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In the early 1990s, Lincoln Electric decided to expand its operations internationally and become a bigger player in the emerging global economy.28 It first set its sights on Germany, buying a small German arc-welding equipment manufacturer called Messer Griesheim. None of the American executives involved in the acquisition decision had any international experience, but they believed that because they had been so successful in the United States, success would likewise follow elsewhere. John Gonzales, vice president of engineering, was assigned to be managing director of the new acquisition. Like the other executives, Gonzales also lacked international experience and, in addition, decided to run the venture from Lincoln Electric’s home office in Cleveland, Ohio. One of his first decisions was to retain the local German managers, since they best understood local customs and work practices. It was assumed that the Lincoln Electric compensation system would be adapted to fit local conditions, leading to increased productivity through heightened individual motivation. As Lincoln Electric’s CEO observed several years later, “Our managers didn’t know how to run foreign operations, nor did they understand foreign cultures. Consequently, we had to rely on the people in our foreign companies—people we didn’t know and who didn’t us.”29 Once the purchase had been completed, it quickly became apparent that the local German managers were either unable or unwilling to introduce Lincoln Electric’s individualistic incentive plan among workers, who were used to a somewhat more collectivistic work culture. Finally, out of exasperation, U.S. headquarters ordered it done. The response of the employees was quick and decisive. Employee grievances and even lawsuits arose challenging the newly imposed system, which was seen by many as being exploitative and even inhumane. Workers were being asked to work ever harder with little consideration to the quality of living. Many workers rejected the piece-rate concept on principle, while others preferred extra leisure time over higher wages and were not prepared to work as hard as their U.S. counterparts. After a visit to the German facility to see firsthand what was happening, Lincoln Electric’s president observed, “Even though German factory workers are highly skilled and, in general solid workers, they do not work nearly as hard or as long as the people in our Cleveland factory. In Germany, the average factory workweek is thirty-five hours. In contrast, the average workweek in Lincoln’s U.S. plants is between forty three and fifty-eight hours, and the company can ask people to work longer hours on short notice—a flexibility that is essential for our system to work. The lack of such flexibility was one of the reasons why our approach would not work in Europe.”30 At the same time, a major recession was hitting Europe and sales declined sharply. Between the “poor work attitude” of the German workers and the decline in sales, Lincoln Electric had to make a decision that would satisfy the shareholders and employees back home who were subsidizing the German venture. In 1993, it closed the Messer factory and decided to export U.S.-made products to Germany instead. Looking back over their German misadventure, Lincoln Electric executives drew what for them was a surprising conclusion: “We had long boasted that our unique culture and incentive system—along with the dedicated, skilled workforce that the company had built over the decades—were the main sources of Lincoln’s competitive advantage. We had assumed that the incentive system and culture could be transferred abroad and that the workforce could be quickly replicated.”31 Lincoln Electric’s disappointment in Germany was soon replaced with optimism following its experience with a Mexican subsidiary that occurred about the same time. The company had purchased a unionized manufacturing plant in Mexico City. Despite the fact the piece-rate systems are generally rejected by Mexican workers (like their German counterparts), Lincoln introduced the system gradually and only following discussions with workers in the plant. Initially, when employees expressed reservations about the Lincoln plan, executives asked for two Mexican volunteers to test-drive the system. They were guaranteed that they would not lose money under the system during the trial period, but could keep any additional income they earned. Two employees reluctantly agreed to try the system. Soon, as the two workers began making more than their colleagues did, other employees asked to join the plan. Over the next two years, everyone in the plant gradually asked to join. Today, the Mexican facility continues to prosper under the Lincoln incentive system. Comparing the two experiences, Lincoln Electric concluded that moving across borders must be done slowly and only after a thorough understanding of local cultures. Moreover, it learned that transplanting ideas—whether they relate to incentive systems, management practices, or anything else—can succeed only after a thorough dialogue with the workers who are directly involved.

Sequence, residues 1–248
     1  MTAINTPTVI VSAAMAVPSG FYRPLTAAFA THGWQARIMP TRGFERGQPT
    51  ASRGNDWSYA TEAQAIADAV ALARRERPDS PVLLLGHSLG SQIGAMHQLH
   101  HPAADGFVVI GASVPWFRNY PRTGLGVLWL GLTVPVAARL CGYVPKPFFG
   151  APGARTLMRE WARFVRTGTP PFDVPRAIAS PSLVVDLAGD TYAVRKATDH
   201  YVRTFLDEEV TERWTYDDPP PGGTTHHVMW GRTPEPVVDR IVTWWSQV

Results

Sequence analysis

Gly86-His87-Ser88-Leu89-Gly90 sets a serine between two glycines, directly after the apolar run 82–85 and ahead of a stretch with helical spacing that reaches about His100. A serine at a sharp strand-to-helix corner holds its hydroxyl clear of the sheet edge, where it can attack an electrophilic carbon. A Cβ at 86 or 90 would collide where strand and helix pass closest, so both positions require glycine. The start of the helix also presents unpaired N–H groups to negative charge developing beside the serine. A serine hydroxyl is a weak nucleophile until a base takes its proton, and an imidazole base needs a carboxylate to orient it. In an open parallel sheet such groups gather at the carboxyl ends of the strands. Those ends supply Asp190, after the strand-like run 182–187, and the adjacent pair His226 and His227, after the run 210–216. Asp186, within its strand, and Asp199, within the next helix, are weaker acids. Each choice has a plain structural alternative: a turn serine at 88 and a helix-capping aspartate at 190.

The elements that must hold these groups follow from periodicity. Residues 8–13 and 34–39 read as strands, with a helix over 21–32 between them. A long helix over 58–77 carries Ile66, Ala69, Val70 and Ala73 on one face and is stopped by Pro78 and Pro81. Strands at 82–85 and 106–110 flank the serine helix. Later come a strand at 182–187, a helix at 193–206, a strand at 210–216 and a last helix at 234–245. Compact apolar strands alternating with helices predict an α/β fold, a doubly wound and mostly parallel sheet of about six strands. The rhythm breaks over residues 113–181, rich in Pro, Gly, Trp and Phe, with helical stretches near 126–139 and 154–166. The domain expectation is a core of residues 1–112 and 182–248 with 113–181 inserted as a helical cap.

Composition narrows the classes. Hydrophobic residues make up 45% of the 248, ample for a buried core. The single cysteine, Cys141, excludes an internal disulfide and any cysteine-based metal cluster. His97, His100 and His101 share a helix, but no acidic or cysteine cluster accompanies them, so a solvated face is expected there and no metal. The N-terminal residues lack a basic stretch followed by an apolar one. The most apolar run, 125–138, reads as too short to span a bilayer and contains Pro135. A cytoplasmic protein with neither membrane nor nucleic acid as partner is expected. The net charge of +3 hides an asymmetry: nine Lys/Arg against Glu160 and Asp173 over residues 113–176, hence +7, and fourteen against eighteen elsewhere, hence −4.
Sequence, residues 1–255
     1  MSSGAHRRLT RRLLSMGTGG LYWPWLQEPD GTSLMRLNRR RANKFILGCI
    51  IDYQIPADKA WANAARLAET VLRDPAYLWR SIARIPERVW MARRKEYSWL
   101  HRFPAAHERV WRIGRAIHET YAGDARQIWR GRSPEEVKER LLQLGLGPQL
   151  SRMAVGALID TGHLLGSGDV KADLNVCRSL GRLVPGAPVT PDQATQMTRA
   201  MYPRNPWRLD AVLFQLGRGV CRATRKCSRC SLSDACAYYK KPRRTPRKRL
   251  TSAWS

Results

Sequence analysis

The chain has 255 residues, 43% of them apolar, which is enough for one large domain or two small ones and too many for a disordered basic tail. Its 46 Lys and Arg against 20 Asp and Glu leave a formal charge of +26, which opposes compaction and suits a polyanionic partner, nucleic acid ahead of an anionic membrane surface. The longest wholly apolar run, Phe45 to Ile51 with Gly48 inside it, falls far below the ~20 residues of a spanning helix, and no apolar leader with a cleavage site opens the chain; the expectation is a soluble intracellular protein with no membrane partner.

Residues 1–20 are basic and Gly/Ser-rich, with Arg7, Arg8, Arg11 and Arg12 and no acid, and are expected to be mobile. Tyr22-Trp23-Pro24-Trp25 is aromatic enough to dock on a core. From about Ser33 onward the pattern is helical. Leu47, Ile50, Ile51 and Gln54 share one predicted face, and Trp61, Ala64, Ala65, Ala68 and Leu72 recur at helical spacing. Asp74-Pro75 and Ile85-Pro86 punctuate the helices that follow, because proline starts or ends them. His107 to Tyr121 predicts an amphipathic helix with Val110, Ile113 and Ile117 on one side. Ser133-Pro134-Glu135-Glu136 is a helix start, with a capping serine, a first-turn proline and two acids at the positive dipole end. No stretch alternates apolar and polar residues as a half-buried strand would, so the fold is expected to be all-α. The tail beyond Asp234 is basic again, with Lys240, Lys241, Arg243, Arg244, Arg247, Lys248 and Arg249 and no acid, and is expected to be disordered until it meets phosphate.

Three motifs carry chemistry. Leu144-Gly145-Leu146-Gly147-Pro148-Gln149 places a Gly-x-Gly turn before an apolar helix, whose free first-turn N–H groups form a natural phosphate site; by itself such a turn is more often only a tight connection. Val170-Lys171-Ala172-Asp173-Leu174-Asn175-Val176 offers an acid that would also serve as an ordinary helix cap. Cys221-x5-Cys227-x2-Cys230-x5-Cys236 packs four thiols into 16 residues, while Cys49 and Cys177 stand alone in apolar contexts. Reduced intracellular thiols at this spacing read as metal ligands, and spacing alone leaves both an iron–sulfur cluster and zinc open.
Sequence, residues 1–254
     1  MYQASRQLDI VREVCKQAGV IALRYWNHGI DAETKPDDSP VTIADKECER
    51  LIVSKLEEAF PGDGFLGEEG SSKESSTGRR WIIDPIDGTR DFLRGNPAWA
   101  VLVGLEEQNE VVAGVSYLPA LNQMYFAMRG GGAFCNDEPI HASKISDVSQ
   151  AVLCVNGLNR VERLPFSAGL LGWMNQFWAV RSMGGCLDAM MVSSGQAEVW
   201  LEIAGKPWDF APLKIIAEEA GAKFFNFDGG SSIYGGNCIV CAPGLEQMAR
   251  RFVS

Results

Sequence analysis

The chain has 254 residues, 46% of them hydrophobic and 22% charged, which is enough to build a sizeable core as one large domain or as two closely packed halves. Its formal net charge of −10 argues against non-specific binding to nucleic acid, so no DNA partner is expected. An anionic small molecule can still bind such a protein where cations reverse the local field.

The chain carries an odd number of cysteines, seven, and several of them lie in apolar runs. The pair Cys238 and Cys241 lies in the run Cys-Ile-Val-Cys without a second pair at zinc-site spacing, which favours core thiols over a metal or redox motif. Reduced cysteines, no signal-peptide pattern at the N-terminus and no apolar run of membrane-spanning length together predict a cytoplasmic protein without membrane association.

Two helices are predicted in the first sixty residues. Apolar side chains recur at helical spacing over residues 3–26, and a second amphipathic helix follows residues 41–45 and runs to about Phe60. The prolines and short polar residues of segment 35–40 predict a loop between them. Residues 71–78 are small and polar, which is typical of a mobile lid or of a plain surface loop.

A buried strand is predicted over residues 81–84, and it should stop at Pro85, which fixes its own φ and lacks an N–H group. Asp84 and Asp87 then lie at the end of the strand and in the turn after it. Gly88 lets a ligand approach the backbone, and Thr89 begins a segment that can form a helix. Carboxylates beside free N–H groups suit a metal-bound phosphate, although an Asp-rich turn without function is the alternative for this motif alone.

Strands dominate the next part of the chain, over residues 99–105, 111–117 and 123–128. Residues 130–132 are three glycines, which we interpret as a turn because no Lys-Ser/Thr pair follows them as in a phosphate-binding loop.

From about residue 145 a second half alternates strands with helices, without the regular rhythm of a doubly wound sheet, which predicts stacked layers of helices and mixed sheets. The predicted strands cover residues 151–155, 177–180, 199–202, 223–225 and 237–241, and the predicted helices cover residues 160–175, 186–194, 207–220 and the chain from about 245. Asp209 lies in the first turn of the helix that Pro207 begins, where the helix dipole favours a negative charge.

QUESTIONS FOR DISCUSSION
1. First, using the materials from this chapter and Chapter 8, complete the cultural profiles for the United States, Germany, and Mexico in the space below. What are the principal differences across the three countries? What are the principal similarities?
2. Based on your assessment, is the Lincoln Electric incentive system as applied in Cleveland, Ohio, compatible with the general culture of the United States?
3. Would you like to work at Lincoln Electric–USA? Why or why not?
4. From what you have discovered, what motivates employees in Germany? What makes a good leader in Germany?
5. Based on your answer to question 4, why did Lincoln Electric encounter so much difficulty transferring its incentive program to Germany? What, if anything, could the U.S. executives have done better to make this approach succeed?
6. From what you have learned, what motivates employees in Mexico? What makes a good leader in Mexico?
7. Why do you think the Mexican venture succeeded while the German venture failed?
8. In view of the rush toward globalization, do you believe that more countries in the future will adopt incentive systems similar to Lincoln Electric’s as a means of increasing job performance? If not, how can companies from cultures that do not support Lincoln-like systems compete and survive as the global economy becomes less and less forgiving?